Many foreign websites are blocked in China. This is no secret to many, especially citizens; but for some Chinese students back home as their campuses shut due to COVID-19, they could be in for an unexpected shock when they sign into their classes virtually.
According to an analysis by the Harvard Law School’s Berkman Center for Internet and Society, several university websites are blocked in China for displaying or facilitating views contrary to the People Republic’s values. This covers pro-democratic political discussions and opposition against communism or the Communist Party of China, in particular.
The Chinese government’s strict internet limitations were flagged as an online learning challenge on Inside Higher Ed in April. Despite using virtual private networks (VPNs), students still face difficulty accessing learning materials on their university portal.
Foreign internet giants such as Facebook is banned in China. Even Google was shut down in 2010 after censorship disputes. Instead, Baidu is the country’s main search engine while Weibo and WeChat dominate social media.
China has domestic-owned alternatives to popular worldwide apps, including WeChat as the main messaging app over WhatsApp. Source: Martin Bureau/AFP
List of university websites blocked in China
The Chinese government blocked access to the Massachusetts Institute of Technology “mit.edu” domain as early as 2002. Harvard highlighted that MIT’s Electrical Engineering and Computer Science, Libraries, and alumni pages have been banned.
The reason? Speculations suggest it is to prevent Chinese users from reading or participating in “uncensored political discussions”.
Here are other university sites blocked in China:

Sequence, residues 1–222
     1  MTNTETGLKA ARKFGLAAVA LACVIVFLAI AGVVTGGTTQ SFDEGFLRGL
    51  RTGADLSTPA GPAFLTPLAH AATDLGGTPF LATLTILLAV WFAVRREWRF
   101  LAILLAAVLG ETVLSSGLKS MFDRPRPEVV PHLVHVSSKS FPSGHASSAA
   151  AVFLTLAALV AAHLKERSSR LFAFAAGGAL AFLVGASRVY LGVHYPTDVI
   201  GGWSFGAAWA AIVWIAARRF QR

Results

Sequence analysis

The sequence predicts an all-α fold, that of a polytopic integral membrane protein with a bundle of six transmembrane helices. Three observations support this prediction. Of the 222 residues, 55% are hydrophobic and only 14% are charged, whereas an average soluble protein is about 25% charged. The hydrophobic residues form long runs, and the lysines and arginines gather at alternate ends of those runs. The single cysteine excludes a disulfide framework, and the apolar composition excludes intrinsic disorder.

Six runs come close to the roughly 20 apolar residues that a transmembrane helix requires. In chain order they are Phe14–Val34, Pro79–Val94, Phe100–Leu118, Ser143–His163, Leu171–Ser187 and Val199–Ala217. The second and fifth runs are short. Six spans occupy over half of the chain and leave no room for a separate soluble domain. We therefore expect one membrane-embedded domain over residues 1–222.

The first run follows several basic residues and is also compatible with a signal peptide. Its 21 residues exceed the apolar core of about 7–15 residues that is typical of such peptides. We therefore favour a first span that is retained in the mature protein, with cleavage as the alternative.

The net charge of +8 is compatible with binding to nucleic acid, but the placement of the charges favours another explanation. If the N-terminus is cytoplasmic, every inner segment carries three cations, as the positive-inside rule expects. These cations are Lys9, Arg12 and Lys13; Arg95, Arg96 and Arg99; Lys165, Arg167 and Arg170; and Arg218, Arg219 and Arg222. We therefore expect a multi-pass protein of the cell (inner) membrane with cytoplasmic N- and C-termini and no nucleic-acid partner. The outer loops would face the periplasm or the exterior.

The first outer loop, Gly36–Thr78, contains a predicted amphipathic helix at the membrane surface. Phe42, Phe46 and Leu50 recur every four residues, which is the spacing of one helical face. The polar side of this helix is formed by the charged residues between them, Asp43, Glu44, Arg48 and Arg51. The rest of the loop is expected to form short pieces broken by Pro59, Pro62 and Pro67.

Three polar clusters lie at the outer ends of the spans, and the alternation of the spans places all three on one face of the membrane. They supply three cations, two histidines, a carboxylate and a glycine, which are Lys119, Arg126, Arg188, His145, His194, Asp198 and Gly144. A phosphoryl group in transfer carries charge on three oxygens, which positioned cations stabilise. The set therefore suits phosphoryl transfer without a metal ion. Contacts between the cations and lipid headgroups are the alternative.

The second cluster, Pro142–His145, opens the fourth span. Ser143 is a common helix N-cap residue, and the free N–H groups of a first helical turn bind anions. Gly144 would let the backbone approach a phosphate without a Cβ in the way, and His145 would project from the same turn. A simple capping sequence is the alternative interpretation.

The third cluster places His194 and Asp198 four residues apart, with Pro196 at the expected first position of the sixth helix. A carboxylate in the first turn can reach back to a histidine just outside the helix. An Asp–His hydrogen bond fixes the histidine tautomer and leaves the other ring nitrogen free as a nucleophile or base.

Supercomputer Computations Research Institute, Florida State University
The George Washington University
The University of Arizona
The University of Virginia
US Army War College and Carlisle Barracks, also Center for Strategic Leadership, Military History Institute, Army Physical Fitness Research Institute, Parameters, and Strategic Studies Institute
The government has also banned several auxiliary university sites, including The Stanford Daily Online Edition and Wellesley College Library.
Paramilitary police officers stand guard in front of a poster of late communist leader Mao Zedong on a street south of the Great Hall of the People during the opening session of the National People’s Congress (NPC) in Beijing on May 22, 2020. Source: Greg Baker/AFP
Why are these websites banned?
Ben Edelman from the Berkman Center for Internet & Society told CBS News (also banned) that university sites that are blocked in China often host campus pro-democracy groups. In addition, MIT hosts scrambling software that sneaks e-mails past government censors.
Besides CBS, news outlets that report heavily on China’s disputes with Hong Kong or Taiwan are also blocked from Chinese citizens. This includes ABC and Reuters. Pro-democracy organisations such as Amnesty International USA are not welcome on China’s web too.
So if you are having trouble accessing any of the university websites above, now you know why. As higher education institutions are meant to be bastions of free speech — especially in the US — it’s no wonder many are banned in a country that stringently controls the information its citizens consume.
In fact, universities that have been censored by China often continue discourse and exploration of the matter to understand its implications in a digital future.
Over at Columbia University, the Center for Spatial Research has turned this ban into an interesting project. Jumping the Great Firewall “visualises censorship and online expression on the Twitter–like micro–blogging platform Weibo,” particularly posts uploaded and deleted in September 2013.
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